New Study Warns of Weather Disaster ‘Larger Than Any in World History’ in California

by Lauren Boisvert

The western United States is dealing with weather disasters in the form of monster drought and heatwaves right now, but there’s more extreme weather that could threaten California in particular. Megafloods could be on the horizon for the state, according to a new study. Because of climate change, heavy rainfall and subsequently intense flooding are more likely. We’re talking floods that could submerge cities, causing millions of people to lose their homes.

The study posits that a month-long storm over California could cause up to 8 feet of rain in some areas. According to Daniel Swain, co-author of the study and climate scientist at UCLA, weather disasters hitting a warmer planet means “the storm sequence is bigger in almost every respect. There’s more rain overall, more intense rainfall on an hourly basis and stronger wind.”

The study made it clear that climate change is a direct influence on the amount of flooding that could occur in the future. According to Swain, we’ve drastically underestimated the risk of megafloods. In 1862, there was the Great Flood in California, which was 300 miles long and 60 miles across. It was caused by a warm storm that melted heavy snows in the mountains as well as record amounts of rainfall and snow for 43 days. Additionally, the floods were preceded by a 20-year drought. The heavy rains were caused by atmospheric rivers, which are bands of water vapor that originate in the tropics that can produce intense amounts of rainfall. And that was all before climate change altered the state and temperature of Earth.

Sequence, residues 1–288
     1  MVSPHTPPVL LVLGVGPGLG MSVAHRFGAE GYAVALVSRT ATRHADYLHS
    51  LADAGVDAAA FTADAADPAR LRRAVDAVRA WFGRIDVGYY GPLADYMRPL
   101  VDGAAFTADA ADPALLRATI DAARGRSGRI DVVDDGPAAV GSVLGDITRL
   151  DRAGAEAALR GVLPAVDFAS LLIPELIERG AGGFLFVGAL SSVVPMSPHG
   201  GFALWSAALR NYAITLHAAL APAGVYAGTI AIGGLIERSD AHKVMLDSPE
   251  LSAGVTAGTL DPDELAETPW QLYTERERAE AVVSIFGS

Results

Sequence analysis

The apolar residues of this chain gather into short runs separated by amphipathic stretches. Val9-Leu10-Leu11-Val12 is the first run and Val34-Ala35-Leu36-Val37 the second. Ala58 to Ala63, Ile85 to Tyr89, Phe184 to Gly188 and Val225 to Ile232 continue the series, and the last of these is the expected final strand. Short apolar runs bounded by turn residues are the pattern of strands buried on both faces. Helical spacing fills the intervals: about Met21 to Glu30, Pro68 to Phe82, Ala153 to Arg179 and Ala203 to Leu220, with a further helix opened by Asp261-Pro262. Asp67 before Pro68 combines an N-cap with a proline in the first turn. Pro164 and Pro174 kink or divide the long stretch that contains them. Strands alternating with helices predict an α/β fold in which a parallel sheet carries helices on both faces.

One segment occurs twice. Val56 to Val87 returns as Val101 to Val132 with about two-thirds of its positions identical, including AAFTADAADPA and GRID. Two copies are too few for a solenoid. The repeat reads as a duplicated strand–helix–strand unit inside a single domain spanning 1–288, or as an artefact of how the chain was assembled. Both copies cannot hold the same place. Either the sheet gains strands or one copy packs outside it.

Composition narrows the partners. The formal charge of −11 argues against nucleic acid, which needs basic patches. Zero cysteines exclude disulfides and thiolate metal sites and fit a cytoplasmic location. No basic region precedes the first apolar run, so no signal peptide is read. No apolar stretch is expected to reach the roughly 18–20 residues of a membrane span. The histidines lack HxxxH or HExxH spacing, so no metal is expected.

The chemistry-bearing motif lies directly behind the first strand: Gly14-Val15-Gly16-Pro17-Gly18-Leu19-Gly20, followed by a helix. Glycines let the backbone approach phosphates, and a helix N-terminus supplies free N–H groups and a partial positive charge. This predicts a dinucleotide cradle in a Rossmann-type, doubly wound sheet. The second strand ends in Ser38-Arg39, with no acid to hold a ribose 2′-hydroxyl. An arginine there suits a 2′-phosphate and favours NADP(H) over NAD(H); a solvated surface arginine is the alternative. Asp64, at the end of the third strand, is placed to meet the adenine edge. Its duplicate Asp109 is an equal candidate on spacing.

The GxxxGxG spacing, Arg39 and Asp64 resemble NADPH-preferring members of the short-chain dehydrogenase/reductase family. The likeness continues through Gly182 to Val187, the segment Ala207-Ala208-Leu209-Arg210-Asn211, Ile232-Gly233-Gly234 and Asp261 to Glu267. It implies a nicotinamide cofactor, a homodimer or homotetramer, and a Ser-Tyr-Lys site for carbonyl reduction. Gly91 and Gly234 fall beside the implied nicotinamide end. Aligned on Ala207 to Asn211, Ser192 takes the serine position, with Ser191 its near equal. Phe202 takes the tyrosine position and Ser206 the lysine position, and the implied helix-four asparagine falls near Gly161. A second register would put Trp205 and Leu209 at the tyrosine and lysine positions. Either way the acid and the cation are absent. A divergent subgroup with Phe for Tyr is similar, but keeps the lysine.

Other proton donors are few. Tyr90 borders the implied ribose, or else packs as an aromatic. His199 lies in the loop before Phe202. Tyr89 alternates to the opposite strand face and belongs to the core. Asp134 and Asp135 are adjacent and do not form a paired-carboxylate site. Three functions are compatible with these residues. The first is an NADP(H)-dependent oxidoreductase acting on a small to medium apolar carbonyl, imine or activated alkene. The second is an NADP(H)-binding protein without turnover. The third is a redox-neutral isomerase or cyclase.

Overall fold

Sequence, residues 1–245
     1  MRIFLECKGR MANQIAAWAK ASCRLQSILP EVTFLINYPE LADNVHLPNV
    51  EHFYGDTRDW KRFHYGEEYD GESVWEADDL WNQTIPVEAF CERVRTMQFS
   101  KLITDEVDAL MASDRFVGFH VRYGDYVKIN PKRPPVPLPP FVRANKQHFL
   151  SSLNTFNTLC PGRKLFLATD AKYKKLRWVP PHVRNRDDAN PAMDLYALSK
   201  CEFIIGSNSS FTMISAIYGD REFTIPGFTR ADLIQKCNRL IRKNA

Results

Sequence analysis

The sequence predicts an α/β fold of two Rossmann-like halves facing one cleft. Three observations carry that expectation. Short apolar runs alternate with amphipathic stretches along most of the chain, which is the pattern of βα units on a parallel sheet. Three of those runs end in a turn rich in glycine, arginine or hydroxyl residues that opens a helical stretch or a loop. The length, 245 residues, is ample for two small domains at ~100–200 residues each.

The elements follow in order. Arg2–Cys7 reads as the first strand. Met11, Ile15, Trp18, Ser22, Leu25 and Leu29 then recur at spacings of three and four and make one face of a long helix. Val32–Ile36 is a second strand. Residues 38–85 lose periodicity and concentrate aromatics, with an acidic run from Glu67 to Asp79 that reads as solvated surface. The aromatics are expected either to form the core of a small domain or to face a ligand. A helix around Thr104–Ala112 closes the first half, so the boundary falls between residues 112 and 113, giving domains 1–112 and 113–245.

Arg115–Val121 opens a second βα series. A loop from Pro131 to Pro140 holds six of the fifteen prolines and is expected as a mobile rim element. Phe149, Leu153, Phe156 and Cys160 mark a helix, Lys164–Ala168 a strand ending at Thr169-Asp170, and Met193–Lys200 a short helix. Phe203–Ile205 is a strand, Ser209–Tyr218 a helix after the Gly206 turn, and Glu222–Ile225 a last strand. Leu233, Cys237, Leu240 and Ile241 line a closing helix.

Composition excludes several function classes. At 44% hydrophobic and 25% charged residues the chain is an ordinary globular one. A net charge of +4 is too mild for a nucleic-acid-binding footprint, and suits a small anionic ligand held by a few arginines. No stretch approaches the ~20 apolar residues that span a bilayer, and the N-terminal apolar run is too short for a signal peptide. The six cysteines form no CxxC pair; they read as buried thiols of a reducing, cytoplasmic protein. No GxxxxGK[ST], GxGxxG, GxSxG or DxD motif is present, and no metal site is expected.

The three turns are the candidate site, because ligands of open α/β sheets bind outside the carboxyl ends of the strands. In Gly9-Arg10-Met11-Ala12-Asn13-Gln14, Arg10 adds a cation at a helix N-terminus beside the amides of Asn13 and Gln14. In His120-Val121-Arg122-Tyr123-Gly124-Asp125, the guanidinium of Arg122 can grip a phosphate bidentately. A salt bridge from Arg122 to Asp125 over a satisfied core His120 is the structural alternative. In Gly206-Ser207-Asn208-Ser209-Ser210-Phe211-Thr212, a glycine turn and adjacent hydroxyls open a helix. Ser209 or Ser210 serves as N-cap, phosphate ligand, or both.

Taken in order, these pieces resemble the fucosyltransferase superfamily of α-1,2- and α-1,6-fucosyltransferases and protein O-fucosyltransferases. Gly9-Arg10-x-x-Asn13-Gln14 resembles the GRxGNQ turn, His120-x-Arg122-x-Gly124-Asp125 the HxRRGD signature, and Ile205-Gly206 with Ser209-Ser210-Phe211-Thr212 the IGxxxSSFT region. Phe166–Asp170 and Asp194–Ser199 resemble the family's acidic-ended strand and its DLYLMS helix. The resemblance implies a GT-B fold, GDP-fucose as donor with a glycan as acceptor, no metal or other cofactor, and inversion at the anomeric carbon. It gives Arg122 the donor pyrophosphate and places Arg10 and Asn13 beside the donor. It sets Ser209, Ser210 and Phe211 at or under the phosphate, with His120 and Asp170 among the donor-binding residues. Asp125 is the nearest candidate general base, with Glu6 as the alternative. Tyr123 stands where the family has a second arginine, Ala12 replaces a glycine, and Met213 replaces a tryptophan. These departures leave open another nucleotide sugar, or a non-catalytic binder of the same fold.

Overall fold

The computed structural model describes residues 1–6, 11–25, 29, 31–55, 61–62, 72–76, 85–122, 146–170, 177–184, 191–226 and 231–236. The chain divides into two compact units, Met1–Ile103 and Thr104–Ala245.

Why Megafloods and Climate Change Should Be Taken Seriously

The 1862 flood killed 4,000 people, roughly 1% of California’s population. 1% of the population in California now is about 391,856 people. There’s the possibility that a megaflood now could displace 5 million to 10 million people. Parts of Los Angeles could be submerged, with major freeways destroyed or cut off. With such a densely populated state, the economic devastation and loss of human life would be astronomical.

The 1862 flood cost $100 million. Today, a flood of those proportions would cost $1 trillion. And UCLA is predicting a weather disaster possibly worse than 1862. “Parts of cities such as Sacramento, Stockton, Fresno and Los Angeles would be under water even with today’s extensive collection of reservoirs, levees and bypasses,” said UCLA climate scientists in a statement. “It is estimated that it would be a $1 trillion disaster, larger than any in world history.”

According to Swain, wildfires and droughts get most of the attention because they happen most often. People tend to forget about the risk of flooding until it happens, like the recent floods in Kentucky. “There is potential for bad wildfires every year in California,” said Swain, “but a lot of years go by when there’s no major flood news. People forget about it.”